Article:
Janesville54.3°

Insurance and debt drive Milton budget increases

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Stacy Vogel
November 7, 2007
— The Milton City Council has cut as much as possible in recent years, but it canít cut its budget any more without cutting services, City Administrator Todd Schmidt said.

Residents will pay 4.6 percent more in 2008 to maintain the current level of service under the proposed city budget.


The city completed a budget Tuesday that will go to public hearing Tuesday, Nov. 27.


The budget includes a 27.6 percent spending increase, but Schmidt said that number is misleading because the city plans to use $600,000 from a reserve fund to pay off a loan.


Factors contributing to the levy increase include:


-- Debt service. The city borrowed more than $4 million in 2007, mostly to pay for street projects. Itís looking at borrowing again in 2008 to repay some of the previous debt and pay for $1 million in improvements along Highway 59.


-- Workers compensation insurance. Premiums will more than double in 2008 after a few injuries in past years, including an accident in 2006 that left a city employee with an injured neck, Schmidt said.


-- Police salaries. The city increased the amount allotted for wages by $36,000 because of errors in the 2007 calculations, Schmidt said. The errors didnít affect the 2007 budget because the city had planned to hire an additional police officer, which it didnít do because of a hiring freeze. The 2008 budget also includes the additional officer.


-- Fire department. The city will pay an extra $19,000 in fire and EMS expenses, not including capital expenses. (The city already borrowed money for the major capital expense in 2007 and 2008, a new tanker bought this year.)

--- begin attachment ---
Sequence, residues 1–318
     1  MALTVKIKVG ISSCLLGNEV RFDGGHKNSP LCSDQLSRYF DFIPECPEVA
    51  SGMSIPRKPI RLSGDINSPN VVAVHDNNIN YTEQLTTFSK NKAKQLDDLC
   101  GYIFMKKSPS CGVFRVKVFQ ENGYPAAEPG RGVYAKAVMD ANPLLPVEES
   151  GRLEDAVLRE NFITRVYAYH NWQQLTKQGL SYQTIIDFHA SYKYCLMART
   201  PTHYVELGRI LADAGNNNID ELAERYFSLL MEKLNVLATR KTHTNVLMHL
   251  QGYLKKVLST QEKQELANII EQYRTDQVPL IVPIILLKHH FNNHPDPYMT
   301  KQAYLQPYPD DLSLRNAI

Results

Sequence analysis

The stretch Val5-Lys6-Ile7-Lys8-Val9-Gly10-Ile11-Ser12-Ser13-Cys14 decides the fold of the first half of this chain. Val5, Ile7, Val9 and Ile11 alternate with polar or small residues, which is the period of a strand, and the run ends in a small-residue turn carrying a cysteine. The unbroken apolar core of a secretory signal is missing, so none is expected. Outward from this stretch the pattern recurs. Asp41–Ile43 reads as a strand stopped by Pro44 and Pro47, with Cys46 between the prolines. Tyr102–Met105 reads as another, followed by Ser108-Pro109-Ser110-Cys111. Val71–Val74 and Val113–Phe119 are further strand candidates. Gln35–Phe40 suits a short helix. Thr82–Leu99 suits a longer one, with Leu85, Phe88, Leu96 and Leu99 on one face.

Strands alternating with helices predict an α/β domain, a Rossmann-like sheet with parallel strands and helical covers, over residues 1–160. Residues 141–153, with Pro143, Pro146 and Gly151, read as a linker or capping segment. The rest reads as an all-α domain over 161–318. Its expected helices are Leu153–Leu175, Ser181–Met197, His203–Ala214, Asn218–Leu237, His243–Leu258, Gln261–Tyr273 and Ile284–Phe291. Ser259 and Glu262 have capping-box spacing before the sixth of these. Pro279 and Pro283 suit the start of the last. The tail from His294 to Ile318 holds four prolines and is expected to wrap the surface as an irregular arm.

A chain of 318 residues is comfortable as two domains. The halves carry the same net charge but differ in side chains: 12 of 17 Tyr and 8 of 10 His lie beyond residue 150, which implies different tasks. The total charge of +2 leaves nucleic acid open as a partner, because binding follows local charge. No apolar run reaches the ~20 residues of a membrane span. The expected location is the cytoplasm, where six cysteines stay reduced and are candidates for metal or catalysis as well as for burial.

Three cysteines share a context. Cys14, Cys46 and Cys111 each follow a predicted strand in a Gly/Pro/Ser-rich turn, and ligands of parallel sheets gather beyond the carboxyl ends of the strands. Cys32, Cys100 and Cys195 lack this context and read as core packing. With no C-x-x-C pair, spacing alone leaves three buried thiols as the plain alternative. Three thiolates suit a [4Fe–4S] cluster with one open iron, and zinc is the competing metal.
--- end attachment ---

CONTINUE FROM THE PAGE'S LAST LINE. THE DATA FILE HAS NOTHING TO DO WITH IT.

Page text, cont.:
-- Insurance. Premiums for city employees will increase 12 percent in 2008.


-- A change in assessment policies. Starting in 2008, the city proposes to assess a portion of properties every year instead of doing them all at once every four or five years.


Typically, the city pays $100,000 every few years to reassess homes and spends about $10,000 a year to maintain assessments, Schmidt said.


Under the new system, it will spend $30,000 a year to revaluate some city homes, allowing the city to maintain ďfull-value assessmentsĒ and yearly adjustments of all properties.


The system will spare homeowners the shock of dramatically increased property values every few years, Schmidt said.


IF YOU GO

What: Public hearing on proposed city of Milton budget


When: 7:30 p.m. Tuesday, Nov. 27


Where: Shaw Municipal Building, 430 E. High St.


Copies of the budget are available beforehand at the municipal building.


A look at the proposed 2008 budget for Milton:

Total budget


Next year: $4.36 million


This year: $3.42 million


Increase: 27.6%


Tax levy


Next year: $1.98 million


This year: $1.85 million


Increase: 7%


Tax rate


(Per $1,000 of assessed valuation)


Next year: $6.26


This year: $5.99


Increase: 4.6%


Note: Percent changes calculated on whole numbers.



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